The filmmaker’s backpack is sometimes akin to Mary Poppin’s bag. We have gear for every kind of scenario we could meet in our shootings, and rightfully so. After all, there’s no limit to where your next gig could take you. It could be a spring wedding, a winter corporate event, an outdoor sports event on a rainy day, or a hot indoor disco.
Imagine how difficult packing can be for a filmmaker as Justin from MILE30adventures. Ranging from mountaintops to the bottom of the sea his travels are a perfect example of this broad variety of scenarios. There are, however, some pieces of gear that we can consider necessary to have in our gear bags: surely Justin has a great deal on the matter. The list could be much longer but he’s stripped down to the 7 core elements he’ll always carry around, wherever the next gig will bring him.
#1 – The Camera(s)
That is obviously the first item for any filmmaker. Being a travel filmmaker Justin always flies lightweight, and that reflects in his camera choice. You won’t find the bulky URSA or FS series or even Canon’s Cinema.
Stack away those big bodies and get yourself a mirrorless camera. Justin took the Sony way, but there’s a lot of choices available now. The first choice is the A7III, or he could go for the A6500 when in a situation with a high risk of damaging the camera.
Then there’s the action camera. You’re probably thinking, well, why would I need an action cam? If indeed it’s true that Justin’s line of work is keen to have the need for an exciting action shot of a plane’s wing or an underwater dive, you should not dismiss the idea so quickly.
Even a boring corporate event could benefit from a couple of spicy action shots. And if that’s the case, there’s only one name that’s eponymous with action cams, and that is GoPro, specifically the HERO7.
#2 – Lenses
We can’t stress this enough. Lenses are a piece of gear that will follow you around for a long time, so get some good lenses and think of the camera body later. They keep value in time and are pivotal to get nice cinematic images.
Shooting in a Sony environment Justin opts for native E-Mount lenses, but the reasoning stays the same on any lens mount. Get yourself some high-quality glass. He chooses two lenses, a wide-angle and a telephoto. Bot are zoom lenses, as that is what you’d prefer when traveling: his picks are the Sony 18-105mm f/4 and the Sony 10-18mm f/4.
In more static situations you can go with a fast prime, like the Sigma 30mm f1.4 Art he carries around, just in case. Word of the wise, the suggestion of having a UV filter on the front of every lens can be a life-safer the one time you’ll drop your lens.
#3 – Camera movement
In today’s scene, you just can’t approach the professional market if you’re not offering some kind of high-quality buttery smooth cinematic movement in your shot. And if you’re a one-man-band, there are two ways to get that. A gimbal or a drone, ideally both.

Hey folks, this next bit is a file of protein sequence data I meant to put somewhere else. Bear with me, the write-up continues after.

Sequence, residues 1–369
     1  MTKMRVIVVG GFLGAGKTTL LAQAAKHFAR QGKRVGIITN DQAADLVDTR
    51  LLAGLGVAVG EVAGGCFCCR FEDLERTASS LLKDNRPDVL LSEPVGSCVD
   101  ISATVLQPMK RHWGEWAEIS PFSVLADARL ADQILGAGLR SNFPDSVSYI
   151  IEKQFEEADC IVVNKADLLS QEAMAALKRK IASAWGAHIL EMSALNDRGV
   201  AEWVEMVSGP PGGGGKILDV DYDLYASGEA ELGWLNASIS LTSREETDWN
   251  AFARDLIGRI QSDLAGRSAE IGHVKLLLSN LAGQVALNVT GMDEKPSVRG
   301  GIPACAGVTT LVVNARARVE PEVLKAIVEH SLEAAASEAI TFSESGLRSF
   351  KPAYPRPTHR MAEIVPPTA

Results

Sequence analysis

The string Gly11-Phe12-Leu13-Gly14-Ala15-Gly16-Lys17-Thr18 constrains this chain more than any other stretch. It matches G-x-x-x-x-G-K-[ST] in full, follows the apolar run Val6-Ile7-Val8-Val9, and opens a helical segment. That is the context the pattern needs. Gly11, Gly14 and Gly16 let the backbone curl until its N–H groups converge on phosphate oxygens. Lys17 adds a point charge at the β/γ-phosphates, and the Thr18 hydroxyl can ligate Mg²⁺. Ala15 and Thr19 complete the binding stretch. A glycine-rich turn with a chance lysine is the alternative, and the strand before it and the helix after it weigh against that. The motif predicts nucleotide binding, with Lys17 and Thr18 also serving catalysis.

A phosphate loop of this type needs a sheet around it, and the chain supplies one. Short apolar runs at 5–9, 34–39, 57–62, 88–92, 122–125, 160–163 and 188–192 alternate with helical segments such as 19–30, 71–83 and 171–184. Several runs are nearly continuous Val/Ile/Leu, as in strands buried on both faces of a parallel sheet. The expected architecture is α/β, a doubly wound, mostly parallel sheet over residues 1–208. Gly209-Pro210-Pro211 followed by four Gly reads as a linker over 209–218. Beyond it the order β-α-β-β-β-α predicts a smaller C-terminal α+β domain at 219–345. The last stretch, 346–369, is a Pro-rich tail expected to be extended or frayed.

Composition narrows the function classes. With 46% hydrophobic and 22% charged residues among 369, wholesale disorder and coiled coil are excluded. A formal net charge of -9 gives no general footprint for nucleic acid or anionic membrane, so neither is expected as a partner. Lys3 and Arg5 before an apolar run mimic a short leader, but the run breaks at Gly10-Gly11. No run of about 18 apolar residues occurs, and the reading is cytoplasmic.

There’s almost no need to explain why, just get a couple, the quality of your footage will increase significantly. It’s actually amazing if you stop to think how complex it was to get these shots a few years back. Steadicams, dollies, helicopters… Today it’s just a DJI Mavic Air 2 (Fly More Kit) and a Zhiyun Crane 3 LAB Stabilizer.
#4 – Sound
Sound is often discarded as not important by amateur and beginner filmmakers, but little do they know about the mistake they’re making.
Sound is of the utmost importance if you want to create a professional-looking product. A bad sound will immediately draw away the viewer, and the client for that matters. Justin opts for the Rode VideoMic Pro that is a great lightweight on-camera mic. He pairs it with a lavalier kit, specifically the Sennheiser EW 100 G3.
#5 – Light
Saying sound is important does not mean that light is not to be taken into consideration, right? After all, cinematography means drawing with light! Croma Lite Panels are lightweight, dimmable and they have a dual-color temperature. Good for any backpack.
#6 – Storage
As many of us that have started their journey a while back, Justin has a plethora of bulky hard drives he used to stock his footage on. Now SSDs have changed all.
These are incredibly small and light, they are blazing fast, and now they are even getting affordable. The Samsung T5 is probably one of the most renowned disks, and rightfully so. Just a piece of advice: no spinning parts, it’s true, but don’t trust them to be perfect. Both disk and cables can die with little to no notice in advance.
#7 – Bag
All of the gear is safe inside the bag, meaning that the bag itself is your ultimate layer of protection. Don’t cheap out on the piece that keeps all together.
Besides, it’s also the piece of gear that will literally stick to your back, so choose wisely. ThinkTank Airport Accelerator is a great backpack: it fits as flying luggage (it’s there in the name!), nicely padded, lots of storage, comfortable and solid straps.
So there you are, these where Justin’s top 7 gear choices for traveling filmmakers. Do you feel he’s missed something important? Let us know in the comments!
- Sony Alpha a7 III Mirrorless Digital Camera (B&H, Amazon)
- Sony Alpha a6500 Mirrorless Digital Camera (B&H, Amazon)
- GoPro HERO7 Black (B&H, Amazon)
- Sony E PZ 18-105mm f/4 G OSS Lens (B&H, Amazon)
- Sony E 10-18mm f/4 OSS Lens (B&H, Amazon)
- Sigma 30mm f/1.4 DC HSM Art Lens (B&H, Amazon)
- DJI Mavic Air 2 Fly More Combo (B&H, Amazon)
- Zhiyun-Tech CRANE 3 LAB Handheld Stabilizer (B&H, Amazon)
- Samsung 1TB T5 Portable Solid-State Drive (B&H, Amazon)
- Rode VideoMic Pro (B&H, Amazon)
- Sennheiser EW 100 ENG G3-G AV (Amazon)
- ThinkTank Airport Accelerator (Amazon)
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